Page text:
2 3 a(ξ+ ) ≈ a(0) + nξ+ + 1 a0 ξ+ + 1 a0 ξ+ 2 6
(6.71) generates the simple result dP = 8πµ2 d
∞ 1 2 2 1 m 2 [|A1 Bm − A2 Bm |2 + |A1 Bm + A2 Bm |2 ] m m m m m=1
(6.75)
where F = (1 − n · a )−1 k1 · a . if there is a kink in the a mode at u = u k then a is only piecewise continuous. and a is k times piecewise differentiable.74)
If ξ+ is replaced by u = ξ+ − n · [a(ξ+ ) − a(0)] then.78)
. and so A1 falls off as m −1 . Hence. since a change of 2π in ξ+ corresponds to a change of 2π in u. if n is equal to a at some point on the loop (say ξ+ = 0) and the mode function a is at least three times differentiable at ξ+ = 0 then. then at worst F (k+1) contains one or more integrable singularities. and integrating (6.73). it is necessary to consider only one of the terms in (6. for example A1 = m 1 2π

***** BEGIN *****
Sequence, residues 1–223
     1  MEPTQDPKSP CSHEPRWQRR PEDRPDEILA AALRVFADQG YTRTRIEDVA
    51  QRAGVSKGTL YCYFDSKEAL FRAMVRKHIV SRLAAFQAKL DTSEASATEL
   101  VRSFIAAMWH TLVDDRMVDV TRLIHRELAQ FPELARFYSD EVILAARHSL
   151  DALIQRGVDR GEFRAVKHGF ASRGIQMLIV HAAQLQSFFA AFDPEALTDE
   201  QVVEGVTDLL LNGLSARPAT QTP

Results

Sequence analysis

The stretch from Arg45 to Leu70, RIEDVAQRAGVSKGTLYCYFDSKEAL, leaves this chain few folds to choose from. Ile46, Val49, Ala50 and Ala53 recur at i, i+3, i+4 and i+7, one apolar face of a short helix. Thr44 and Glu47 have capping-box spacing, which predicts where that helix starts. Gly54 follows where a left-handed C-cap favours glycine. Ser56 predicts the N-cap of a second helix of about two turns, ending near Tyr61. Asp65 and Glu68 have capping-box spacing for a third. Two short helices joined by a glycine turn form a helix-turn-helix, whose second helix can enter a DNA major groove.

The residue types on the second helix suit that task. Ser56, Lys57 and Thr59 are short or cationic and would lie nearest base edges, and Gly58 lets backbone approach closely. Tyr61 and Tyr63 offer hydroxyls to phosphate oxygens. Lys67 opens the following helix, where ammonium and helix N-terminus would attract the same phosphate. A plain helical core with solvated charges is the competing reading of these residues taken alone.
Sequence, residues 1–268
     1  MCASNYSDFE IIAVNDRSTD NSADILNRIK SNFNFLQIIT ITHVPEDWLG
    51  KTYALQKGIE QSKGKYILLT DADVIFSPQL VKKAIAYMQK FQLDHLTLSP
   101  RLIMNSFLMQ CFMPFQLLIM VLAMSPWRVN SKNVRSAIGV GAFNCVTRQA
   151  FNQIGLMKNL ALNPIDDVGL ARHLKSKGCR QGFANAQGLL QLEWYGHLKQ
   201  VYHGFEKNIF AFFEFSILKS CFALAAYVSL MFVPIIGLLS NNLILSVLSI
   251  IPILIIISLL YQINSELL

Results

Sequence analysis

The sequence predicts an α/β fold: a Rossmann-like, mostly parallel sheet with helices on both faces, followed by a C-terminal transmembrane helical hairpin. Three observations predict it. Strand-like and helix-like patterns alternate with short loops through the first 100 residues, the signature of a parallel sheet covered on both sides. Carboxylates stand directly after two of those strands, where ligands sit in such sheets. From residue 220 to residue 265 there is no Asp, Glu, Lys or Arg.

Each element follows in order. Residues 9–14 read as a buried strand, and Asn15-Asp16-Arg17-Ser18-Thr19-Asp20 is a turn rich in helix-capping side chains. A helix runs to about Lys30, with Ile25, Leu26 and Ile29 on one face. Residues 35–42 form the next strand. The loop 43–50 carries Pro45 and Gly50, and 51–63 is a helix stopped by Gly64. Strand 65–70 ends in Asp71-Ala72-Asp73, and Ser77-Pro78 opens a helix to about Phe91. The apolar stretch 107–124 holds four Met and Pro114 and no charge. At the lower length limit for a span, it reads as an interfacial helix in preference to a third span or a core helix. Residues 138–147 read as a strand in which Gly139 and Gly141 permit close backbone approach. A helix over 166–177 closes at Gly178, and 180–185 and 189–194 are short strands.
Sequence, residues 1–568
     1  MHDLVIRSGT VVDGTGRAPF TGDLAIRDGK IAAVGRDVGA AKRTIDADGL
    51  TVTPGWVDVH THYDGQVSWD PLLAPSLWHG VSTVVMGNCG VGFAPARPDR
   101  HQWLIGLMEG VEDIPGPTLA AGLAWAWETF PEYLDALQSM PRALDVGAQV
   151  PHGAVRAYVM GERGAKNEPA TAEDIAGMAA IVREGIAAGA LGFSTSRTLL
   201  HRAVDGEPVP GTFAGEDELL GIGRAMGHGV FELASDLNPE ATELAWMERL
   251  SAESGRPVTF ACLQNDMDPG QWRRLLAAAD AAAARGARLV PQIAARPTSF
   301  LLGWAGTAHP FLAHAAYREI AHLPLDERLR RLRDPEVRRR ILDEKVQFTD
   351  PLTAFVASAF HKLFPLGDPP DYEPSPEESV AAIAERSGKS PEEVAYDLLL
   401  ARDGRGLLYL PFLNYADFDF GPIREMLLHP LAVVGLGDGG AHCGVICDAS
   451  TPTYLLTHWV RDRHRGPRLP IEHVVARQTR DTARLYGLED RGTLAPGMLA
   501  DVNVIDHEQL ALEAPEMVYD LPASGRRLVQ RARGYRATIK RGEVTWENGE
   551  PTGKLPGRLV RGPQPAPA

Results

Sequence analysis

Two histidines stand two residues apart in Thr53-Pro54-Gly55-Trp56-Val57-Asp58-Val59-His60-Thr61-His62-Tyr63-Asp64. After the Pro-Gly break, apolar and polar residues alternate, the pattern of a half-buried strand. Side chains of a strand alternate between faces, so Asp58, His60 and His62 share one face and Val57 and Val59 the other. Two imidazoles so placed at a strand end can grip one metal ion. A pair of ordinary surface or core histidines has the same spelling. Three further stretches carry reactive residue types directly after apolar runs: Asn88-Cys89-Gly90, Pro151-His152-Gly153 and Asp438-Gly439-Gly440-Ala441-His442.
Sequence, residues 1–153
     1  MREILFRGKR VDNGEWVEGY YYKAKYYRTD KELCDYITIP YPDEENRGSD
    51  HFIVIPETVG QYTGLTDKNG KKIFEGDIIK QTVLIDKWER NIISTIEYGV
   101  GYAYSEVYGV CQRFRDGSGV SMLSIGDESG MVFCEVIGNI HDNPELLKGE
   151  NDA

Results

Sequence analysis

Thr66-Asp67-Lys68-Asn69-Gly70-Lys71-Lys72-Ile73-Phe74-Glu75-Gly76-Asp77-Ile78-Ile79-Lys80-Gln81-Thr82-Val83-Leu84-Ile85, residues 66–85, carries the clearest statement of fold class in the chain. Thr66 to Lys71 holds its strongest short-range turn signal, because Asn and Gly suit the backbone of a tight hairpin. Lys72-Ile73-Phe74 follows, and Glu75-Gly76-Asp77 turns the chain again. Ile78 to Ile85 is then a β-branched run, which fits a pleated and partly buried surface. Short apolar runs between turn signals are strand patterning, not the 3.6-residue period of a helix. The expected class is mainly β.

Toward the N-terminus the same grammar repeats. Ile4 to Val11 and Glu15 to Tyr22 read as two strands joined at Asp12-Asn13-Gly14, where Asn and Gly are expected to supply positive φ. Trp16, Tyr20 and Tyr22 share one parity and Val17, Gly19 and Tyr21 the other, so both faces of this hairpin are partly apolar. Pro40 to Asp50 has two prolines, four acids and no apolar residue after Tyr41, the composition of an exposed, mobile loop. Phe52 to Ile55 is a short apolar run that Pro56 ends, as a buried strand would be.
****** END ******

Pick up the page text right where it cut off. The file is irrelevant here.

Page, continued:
2π 0
eim(ξ+ −n·a) k1 · a dξ+ .

In this case n is beamed by both modes and so there is a point on each mode where a = b = n. and the results are. there are three possibilities for the high-frequency contributions to dP/d : (i) If n is beamed by neither mode then at worst dP/d ∼ m −2 and the sum converges. which has the mode functions (σ+ − 1 L)a 0 ≤ σ+ ≤ 1 L 4 2 (6. consistent with the analysis presented here. therefore. Some explicit calculations of the power radiated by a selection of kinked or cusped loops are examined in the following section. Broadly speaking. in all cases.80) a(σ+ ) = ( 3 L − σ+ )a 1 L ≤ σ+ ≤ L 4 2
.3. A similar statement applies to Bm . It should be noted that although dP/d is always inﬁnite in the beaming direction of a cusp (as expected).196
Cosmic strings in the weak-ﬁeld approximation